20 Essen7al 1: Consider: Effec7ve Leadership - school s mission, vision and infrastructure - data- based problem solving - trust and recogni7on - instruc7onal leadership and professional development
21 Essen7al 2: Public and Collabora7ve Teaching Consider: - Infrastructure of the school - Data- based problem solving - Professional development - High expecta7ons - Shared decision- making - Collegial development
22 Essen7al 3: Ambi7ous Instruc7on and Learning Consider: - Infrastructure of the school - Instruc7onal delivery strategies - Alignment of assessment and instruc7on
23 Essen7al 4: Safe and Suppor7ve Environment Consider: - Infrastructure of the school as it relates to behavior management - Data- based problem solving - High Expecta7ons - School Climate
24 Essen7al 5: Family & Community Involvement Consider: - Data- based problem solving - School safety - Communica7on
26 Reflec7on How do the BSI s 5 Essen7als for School Improvement relate to NASP s Service Model for School Psychologists?
28 2014/15 SIP Template Part 1: Current Status (5 Essen7als) Inform the review of data indicators Prepare for Parts 2 and 3 Part 2: Needs Assessment (Step Zero) Review performance and EWS data to develop strategic goals and learning targets Iden7fy strengths and needs Part 3: 8 Step Planning and Problem Solving for Implementa7on Develop implementa7on plans for the school s highest priority goals
29 SIP as Problem- Solving Doc SIP (1) problem defined as difference between current and expected, (2) guiding ques7ons for problem analysis; (3) ac7on planning steps to meet goals (4) support for plan (e.g., PD & Monitoring Fidelity); and (5) plan for evalua7on of progress towards goal(s).
30 Problem Solving within SIP SIP template includes 8- step PS and Planning: 1. Iden7fy goal/targets SMART 2. Brainstorm resources and barriers 3. Select an ini7al barrier 4. Brainstorm strategies to address barrier 5. Develop ac7on plans 6. Develop support plans 7. Evaluate progress toward reducing barrier 8. Evaluate progress toward iden7fied goal
31 Your sphere of influence Part of the leadership team Accessing the SIP Familiarity with school s student performance data Goal seung Facilita7on of Problem Solving Evalua7ng progress of components of SIP; student performance
32 Changing roles Discuss ways school psychologists can increase their role and influence in the development, implementa7on, and evalua7on of the SIP.
33 Kelly Jus7ce, Florida PS/RtI Project SELF- ASSESSMENT OF MTSS IMPLEMENTATION
34 Why This Instrument? Enhance capacity of districts to support MTSS with fidelity in schools Assess all components of MTSS Guide ac7on planning toward improved implementa7on
35 FAQs Who completes the instrument? School leadership team members What are the steps for comple7ng the instrument? Each member reviews the SAM Team completes one form based on consensus How long does it take to complete? Recommend 2- hour 7me block for first administra7on
36 Self Assessment of Mul7-7ered Systems of Support (SAM) INSTRUMENT OVERVIEW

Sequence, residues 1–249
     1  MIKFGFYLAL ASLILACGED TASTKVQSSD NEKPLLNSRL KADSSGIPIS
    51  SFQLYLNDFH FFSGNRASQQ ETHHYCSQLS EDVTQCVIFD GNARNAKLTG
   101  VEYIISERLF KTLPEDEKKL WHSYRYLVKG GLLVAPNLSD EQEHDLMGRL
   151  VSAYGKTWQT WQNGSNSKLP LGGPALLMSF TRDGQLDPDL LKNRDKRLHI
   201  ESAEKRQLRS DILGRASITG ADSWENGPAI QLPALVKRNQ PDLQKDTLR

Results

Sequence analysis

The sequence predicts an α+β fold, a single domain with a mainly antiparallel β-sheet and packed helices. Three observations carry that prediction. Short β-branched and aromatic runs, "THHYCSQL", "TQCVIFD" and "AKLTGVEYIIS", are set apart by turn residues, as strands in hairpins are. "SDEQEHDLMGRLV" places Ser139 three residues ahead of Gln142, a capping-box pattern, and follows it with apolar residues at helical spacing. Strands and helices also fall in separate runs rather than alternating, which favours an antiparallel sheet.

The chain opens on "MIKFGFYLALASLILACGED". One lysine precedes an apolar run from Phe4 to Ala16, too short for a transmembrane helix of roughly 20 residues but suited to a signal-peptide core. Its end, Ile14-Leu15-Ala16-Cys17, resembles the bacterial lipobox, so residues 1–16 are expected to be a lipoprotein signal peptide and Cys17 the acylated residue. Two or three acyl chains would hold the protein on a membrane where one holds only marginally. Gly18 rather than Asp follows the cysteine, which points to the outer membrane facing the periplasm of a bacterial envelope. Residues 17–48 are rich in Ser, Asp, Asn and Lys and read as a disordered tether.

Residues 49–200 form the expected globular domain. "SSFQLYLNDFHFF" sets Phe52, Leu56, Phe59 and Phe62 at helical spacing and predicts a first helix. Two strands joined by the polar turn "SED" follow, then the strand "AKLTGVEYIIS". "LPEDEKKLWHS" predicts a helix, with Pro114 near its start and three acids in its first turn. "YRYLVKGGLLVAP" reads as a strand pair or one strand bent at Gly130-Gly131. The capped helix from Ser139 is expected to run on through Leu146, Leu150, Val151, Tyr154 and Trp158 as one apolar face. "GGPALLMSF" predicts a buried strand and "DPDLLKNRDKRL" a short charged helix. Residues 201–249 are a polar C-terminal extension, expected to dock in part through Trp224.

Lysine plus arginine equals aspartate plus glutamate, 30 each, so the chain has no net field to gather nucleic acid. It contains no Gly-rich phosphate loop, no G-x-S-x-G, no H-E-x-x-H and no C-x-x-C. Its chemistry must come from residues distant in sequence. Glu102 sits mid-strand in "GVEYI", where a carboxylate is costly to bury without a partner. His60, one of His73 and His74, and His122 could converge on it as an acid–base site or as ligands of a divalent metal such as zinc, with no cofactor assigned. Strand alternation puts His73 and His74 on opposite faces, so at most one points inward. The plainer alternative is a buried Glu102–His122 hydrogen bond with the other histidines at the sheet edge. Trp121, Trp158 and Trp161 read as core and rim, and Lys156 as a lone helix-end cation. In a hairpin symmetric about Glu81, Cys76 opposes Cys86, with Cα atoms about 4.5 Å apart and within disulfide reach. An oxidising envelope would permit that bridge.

37 Content Domains 1. Leadership 2. Building the Capacity/Infrastructure for Implementa7on 3. Communica7on and Collabora7on 4. Data- Based Problem Solving 5. Three- Tiered Instruc7onal/Interven7on Model 6. Data/Evalua7on (39 items)
38 Cri7cal Components of MTSS Mul7ple Tiers of Instruc7on & Interven7on Problem Solving Process Leadership Data Evalua7on Capacity Building Infrastructure Communica7on & Collabora7on MTSS is a framework to ensure successful educa-on outcomes for ALL students by using a data- based problem solving process to provide, and evaluate the effec-veness of mul-ple -ers of integrated academic, behavior, and social- emo-onal instruc-on/interven-on supports matched to student need in alignment with educa-onal standards.
39 Self Assessment of Mul7-7ered Systems of Support (SAM) ADMINISTRATION PROCEDURES
40 Administra7on Procedures 1. Instrument distributed to school leadership team members Members independently review instrument and think about school ra7ngs 2. School leadership team meets Trained facilitator guides team through instrument, establishing consensus on the ra7ng for each item
41 Scoring Prac7ce 1. Read the scenario 2. Use the rubric to determine the most appropriate ra7ng for the item 3. Be prepared to share you ra7onale
42 Item 8 - Scenario The school leadership team at Sunshine Elementary recently provided an introductory MTSS training to all school staff. The training focused on data- based problem- solving at different levels (e.g., school, classroom, small- group, student), as well as roles and responsibili7es for staff engaging in data- based problem- solving. Following the introductory training, the school leadership team began planning how to provide follow- up coaching and modeling, but has yet to finalize an ongoing professional development plan.
44 Using SAM Data How will the SAM help my school?
45 0 = Not Started; 1 = Emerging/Developing; 2 = Opera7onalizing; 3 = Op7mizing Average Domain Scores Areas of strength
46 Average Domain Scores 0 = Not Started; 1 = Emerging/Developing; 2 = Opera7onalizing; 3 = Op7mizing Areas of need
47 3 Leadership 0 = Not Started; 1 = Emerging/Developing; 2 = Opera7onalizing; 3 = Op7mizing The principal is ac7vely involved 1 2. A leadership team is established Specific areas for focus 3. The leadership 0 team 4. A strategic 0 plan for MTSS ac7vely engages PD implementa7on 1 5. The leadership team is ac7vely facilita7ng implementa7on
49 Addi7onal Benefits Reflec7on Team building Increase common understanding Increase common language
50 Uniquely Qualified NASP Model for Comprehensive and Integrated School Psychological Services, 2010